like to roll it out to every customer.

   This raises the question whether it is strictly required to have an

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   automatic discovery process, rather than wait and rely on the ISPs to
   do a massive roll-out.

   We do not consider manual configuration sufficient for two main
   reasons (XXX: feel free to send some more..):

   1.  Many deployments are expected to happen at pre-production stage,
       and those service providers would not yet be ready to integrate
       the configuration in their CD-ROM etc.  material.

   2.  The CD-ROM materials have mainly been targeted to the users who
       set up their (IPv4) connectivity which either requires software
       or out-of-band configuration.  There is no reason to require
       out-of-band configuration if the discovery could be done in a
       feasible manner.

2.  Applicability of Tunnel Endpoint Discovery

2.1  Scope of Tunnel Endpoint Discovery

   There are three main areas of applicability for tunnel endpoint

   1.  No discovery: always assume the client pre-configures the
       endpoint information.

   2.  Discovery of the end-point at the "care-of" ISP only; that is,
       discovery is only supported inside the ISP of the network the
       user plugs into.

   3.  Discovery of the endpoint everywhere; contrast to the use of 6to4
       anycast address.  This is very problematic administratively,
       financially and technically, because the IPv6 prefix is not
       provider-independent as with 6to4.

   We decree 3) out of scope for this study; this is too extensive a
   problem to be solved here.  Therefore, we concentrate on 2).

   In addition to automatic discovery, the implementations should
   naturally provide a manual configuration option.  The manual
   configuration could be used to override the automatic discovery
   process or to configure a tunnel server at "home ISP" which the
   discovery would not find if the user is visiting a network where no
   tunnel server exists (compare to configuring MIPv6 Home Agent).

   When there are multiple inputs to which tunnel server to use,
   implementations will have to make a policy decision which one to

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   pick; this is rocket science, and some implementations (e.g.,
   Microsoft 6to4/ISATAP) already something like this.  The main options

   a.  First try local discovery, if it fails, try manual config,

   b.  Manual config first, then try local discovery, or

   c.  Only local discovery or only manual config.

2.2  Assumptions about Network Topologies

   The following assumptions about network topologies apply to the
   discovery process:

   1.  The CPE device can run either in bridged or routed mode.

   2.  In routed mode, the router typically is doing NAT with private IP
       addresses.  The router is also a DHCPv4 server, so DHCPv4 tunnel
       endpoint option is not relayed to the user.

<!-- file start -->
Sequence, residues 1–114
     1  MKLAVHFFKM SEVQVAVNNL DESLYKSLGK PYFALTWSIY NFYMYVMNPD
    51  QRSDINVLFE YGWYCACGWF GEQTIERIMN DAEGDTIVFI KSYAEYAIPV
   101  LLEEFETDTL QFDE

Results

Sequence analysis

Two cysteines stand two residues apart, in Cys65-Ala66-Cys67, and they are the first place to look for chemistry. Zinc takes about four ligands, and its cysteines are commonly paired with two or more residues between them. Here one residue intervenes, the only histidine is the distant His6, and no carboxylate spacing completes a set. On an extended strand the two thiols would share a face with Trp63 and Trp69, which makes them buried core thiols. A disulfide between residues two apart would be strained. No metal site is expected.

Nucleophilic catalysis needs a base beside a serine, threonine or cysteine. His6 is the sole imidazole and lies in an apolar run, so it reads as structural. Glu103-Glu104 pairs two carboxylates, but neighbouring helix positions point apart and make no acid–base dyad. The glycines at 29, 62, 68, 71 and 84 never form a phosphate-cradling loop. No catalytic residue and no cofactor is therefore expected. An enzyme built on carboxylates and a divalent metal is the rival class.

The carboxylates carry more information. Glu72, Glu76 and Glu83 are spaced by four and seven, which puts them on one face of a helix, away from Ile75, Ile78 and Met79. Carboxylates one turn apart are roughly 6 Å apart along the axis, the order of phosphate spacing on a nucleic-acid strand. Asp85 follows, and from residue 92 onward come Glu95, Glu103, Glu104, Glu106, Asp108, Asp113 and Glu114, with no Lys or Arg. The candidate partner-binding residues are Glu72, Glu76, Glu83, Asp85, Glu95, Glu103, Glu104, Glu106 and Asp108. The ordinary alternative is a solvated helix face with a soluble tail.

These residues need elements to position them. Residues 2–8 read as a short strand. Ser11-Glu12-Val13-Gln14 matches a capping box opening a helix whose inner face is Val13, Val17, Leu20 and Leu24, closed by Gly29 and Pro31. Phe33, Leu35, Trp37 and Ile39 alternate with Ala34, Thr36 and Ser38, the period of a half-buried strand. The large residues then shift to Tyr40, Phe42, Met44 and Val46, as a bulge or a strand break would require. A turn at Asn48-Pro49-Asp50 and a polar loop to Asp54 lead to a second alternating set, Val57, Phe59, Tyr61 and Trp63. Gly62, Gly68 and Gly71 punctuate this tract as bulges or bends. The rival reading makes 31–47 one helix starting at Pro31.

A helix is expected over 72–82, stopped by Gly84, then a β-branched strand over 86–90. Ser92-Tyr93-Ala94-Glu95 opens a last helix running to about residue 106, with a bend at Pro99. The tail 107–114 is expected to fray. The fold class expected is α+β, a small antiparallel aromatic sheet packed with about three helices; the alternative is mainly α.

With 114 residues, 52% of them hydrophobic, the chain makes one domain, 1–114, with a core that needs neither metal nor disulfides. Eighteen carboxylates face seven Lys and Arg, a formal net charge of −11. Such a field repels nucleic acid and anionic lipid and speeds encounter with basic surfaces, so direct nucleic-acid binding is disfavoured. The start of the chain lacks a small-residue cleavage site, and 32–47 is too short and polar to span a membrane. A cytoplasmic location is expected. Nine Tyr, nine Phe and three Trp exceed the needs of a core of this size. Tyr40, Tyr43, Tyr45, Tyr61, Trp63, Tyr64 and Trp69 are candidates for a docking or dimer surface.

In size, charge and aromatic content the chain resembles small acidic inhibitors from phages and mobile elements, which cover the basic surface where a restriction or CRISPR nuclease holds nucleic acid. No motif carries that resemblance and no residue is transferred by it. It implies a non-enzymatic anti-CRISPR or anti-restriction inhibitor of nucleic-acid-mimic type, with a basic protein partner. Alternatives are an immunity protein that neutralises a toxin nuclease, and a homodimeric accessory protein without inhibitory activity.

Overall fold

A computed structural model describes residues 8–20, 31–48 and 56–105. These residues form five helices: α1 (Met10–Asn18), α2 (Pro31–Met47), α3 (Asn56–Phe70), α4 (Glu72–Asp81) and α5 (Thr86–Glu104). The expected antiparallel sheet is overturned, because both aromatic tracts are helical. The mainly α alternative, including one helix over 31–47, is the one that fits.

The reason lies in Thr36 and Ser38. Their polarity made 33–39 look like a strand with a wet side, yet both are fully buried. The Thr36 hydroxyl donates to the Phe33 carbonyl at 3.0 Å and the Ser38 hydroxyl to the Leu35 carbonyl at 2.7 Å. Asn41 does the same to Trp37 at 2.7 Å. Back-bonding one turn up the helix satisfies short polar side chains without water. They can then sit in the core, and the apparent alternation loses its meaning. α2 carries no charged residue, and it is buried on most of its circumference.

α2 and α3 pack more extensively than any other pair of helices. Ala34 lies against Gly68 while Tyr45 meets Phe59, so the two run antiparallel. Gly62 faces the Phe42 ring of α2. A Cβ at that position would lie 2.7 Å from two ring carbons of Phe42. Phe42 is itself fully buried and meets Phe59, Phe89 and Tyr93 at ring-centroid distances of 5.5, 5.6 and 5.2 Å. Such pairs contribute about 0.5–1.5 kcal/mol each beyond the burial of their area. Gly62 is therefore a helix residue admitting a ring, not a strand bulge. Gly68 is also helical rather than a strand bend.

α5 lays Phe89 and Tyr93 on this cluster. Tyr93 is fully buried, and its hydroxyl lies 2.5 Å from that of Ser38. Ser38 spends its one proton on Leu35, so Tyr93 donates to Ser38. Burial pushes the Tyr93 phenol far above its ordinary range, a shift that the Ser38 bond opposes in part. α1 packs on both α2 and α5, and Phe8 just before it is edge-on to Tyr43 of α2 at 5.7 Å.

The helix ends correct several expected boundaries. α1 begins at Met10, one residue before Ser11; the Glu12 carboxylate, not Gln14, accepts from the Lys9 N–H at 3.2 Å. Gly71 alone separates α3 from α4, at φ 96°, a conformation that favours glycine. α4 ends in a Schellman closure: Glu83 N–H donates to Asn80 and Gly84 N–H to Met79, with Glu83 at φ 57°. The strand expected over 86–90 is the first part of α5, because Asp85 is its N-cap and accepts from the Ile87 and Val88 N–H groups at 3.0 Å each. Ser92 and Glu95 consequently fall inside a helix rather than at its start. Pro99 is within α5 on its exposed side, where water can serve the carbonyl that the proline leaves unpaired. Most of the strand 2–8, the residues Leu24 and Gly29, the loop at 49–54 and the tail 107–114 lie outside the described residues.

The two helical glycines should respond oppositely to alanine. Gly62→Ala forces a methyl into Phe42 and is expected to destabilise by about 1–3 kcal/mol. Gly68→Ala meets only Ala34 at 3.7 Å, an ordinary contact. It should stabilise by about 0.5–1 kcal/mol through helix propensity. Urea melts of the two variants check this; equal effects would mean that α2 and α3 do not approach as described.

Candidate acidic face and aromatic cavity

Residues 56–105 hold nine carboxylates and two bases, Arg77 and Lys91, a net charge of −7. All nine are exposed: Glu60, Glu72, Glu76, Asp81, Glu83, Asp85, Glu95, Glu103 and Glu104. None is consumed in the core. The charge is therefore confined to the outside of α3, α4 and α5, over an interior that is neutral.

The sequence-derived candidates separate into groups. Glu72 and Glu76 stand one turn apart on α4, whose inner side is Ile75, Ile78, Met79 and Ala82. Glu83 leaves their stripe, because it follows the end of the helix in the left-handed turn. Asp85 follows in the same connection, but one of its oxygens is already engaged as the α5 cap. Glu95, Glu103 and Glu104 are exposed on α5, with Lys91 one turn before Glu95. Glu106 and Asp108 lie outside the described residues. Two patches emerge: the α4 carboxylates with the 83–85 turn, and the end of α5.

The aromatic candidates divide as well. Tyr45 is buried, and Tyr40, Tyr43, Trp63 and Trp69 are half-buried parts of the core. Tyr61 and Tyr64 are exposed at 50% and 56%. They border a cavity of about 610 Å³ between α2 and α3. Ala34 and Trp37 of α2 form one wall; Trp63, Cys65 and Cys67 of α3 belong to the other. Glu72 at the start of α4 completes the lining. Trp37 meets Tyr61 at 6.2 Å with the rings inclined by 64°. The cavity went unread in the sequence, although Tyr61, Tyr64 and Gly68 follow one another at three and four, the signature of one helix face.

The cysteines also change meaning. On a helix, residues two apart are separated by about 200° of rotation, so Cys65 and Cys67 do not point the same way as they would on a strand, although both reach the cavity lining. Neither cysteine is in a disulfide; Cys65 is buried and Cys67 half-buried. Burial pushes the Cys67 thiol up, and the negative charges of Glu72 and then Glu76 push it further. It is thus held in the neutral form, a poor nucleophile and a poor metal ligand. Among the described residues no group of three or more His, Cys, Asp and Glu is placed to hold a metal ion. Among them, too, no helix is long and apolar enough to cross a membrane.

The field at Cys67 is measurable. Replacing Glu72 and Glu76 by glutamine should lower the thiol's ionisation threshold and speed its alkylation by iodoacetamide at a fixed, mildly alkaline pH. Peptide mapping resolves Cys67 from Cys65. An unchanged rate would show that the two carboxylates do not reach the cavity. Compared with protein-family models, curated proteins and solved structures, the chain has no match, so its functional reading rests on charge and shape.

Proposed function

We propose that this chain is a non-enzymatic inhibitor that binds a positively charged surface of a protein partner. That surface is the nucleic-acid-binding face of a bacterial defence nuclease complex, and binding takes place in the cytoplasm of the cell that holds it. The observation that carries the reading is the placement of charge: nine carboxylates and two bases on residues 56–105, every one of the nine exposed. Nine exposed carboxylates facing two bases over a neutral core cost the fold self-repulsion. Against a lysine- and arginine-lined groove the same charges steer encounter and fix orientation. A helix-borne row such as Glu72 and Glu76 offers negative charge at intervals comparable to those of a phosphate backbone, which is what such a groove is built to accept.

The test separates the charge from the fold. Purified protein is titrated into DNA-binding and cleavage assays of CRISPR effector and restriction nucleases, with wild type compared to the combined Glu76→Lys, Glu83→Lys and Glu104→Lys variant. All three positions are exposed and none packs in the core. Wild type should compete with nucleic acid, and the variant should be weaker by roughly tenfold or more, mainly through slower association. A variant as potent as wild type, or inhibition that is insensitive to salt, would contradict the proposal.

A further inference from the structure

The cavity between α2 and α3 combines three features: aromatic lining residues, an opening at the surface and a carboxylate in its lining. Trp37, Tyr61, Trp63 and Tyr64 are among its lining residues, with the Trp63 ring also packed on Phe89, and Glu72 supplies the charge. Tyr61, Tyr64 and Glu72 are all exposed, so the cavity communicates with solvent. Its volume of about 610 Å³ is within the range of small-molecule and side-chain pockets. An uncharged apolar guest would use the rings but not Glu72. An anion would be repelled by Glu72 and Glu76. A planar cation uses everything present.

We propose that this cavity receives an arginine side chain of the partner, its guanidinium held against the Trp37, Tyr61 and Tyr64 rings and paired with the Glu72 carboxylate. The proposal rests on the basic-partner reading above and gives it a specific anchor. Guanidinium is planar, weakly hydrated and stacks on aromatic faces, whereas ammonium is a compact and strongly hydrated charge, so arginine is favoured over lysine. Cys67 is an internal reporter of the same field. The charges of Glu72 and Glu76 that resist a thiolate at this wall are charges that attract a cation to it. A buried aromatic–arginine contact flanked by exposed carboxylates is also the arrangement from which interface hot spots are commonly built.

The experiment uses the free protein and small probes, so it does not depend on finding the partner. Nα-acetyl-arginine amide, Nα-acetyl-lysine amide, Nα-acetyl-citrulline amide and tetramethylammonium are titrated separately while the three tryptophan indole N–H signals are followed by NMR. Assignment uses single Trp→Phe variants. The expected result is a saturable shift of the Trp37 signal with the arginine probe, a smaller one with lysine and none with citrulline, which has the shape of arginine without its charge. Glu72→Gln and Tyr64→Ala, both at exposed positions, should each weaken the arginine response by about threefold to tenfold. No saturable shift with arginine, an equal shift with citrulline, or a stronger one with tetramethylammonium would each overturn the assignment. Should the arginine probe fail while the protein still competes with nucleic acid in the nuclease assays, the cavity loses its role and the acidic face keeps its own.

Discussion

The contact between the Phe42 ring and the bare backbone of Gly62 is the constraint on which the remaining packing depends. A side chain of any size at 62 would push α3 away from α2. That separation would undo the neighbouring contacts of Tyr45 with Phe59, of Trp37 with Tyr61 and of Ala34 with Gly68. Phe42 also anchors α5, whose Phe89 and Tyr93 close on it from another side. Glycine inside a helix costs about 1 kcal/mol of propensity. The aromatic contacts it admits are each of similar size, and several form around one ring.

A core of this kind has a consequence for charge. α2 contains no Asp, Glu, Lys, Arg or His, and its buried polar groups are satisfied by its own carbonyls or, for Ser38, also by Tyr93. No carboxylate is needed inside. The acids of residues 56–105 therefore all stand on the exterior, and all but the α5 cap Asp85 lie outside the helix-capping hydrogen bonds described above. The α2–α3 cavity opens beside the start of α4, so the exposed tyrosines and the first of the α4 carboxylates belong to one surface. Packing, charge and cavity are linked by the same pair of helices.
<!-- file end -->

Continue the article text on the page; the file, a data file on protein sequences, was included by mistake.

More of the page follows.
3.  The router may also inject its own DNS search string (e.g.,
       "home", "lan") instead relaying the one received from the ISP,
       though how often that happens is unknown.

   4.  The user may also have deployed NAT boxes of his/her own.

3.  Analysis of Solutions

   Several possible solutions to discovering the tunnel end-point can be
   imagined; this section describes them in detail.

3.1  Anycast-based Solutions

   An "anycast" (shared-unicast by some terminology: see [10]) address
   identifies a group of hosts, usually server hosts.  When a client
   sends a datagram to a shared-unicast address, it is delivered to one
   of the shared-unicast servers based on the routing topology and

   There are two possible ways of using "anycast": as a global service
   (where a shared-unicast prefix is the same for everyone, and
   advertised in the Inter-domain routing) or as a local service, where
   the service provider is sharing one of its own addresses on multiple
   nodes for example for load-balancing or redundancy reasons.  As local
   anycast is invisible to the users, it is not further discussed here.

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   A packet to a shared-unicast address may end up being delivered to
   more than one node.  In addition, there is no guarantee that two
   consecutive datagrams sent from the same host towards the same
   shared-unicast address are going to be delivered to the same node.
   However, when the routing topology is stable and metrics are
   well-designed, the packets are regularly delivered to the same nodes.
   Operational issues relating to managemeng of anycast services have
   been described in [4].

   A global anycast address could be leveraged in two fundamentally
   different ways:

   1.  Use the anycast address only for the initial handshake, to
       establish a stable unicast address of the end-point (and possibly
       to perform some initial negotiation, e.g., nonces).  All the
       subsequent packets are sent to the unicast address which is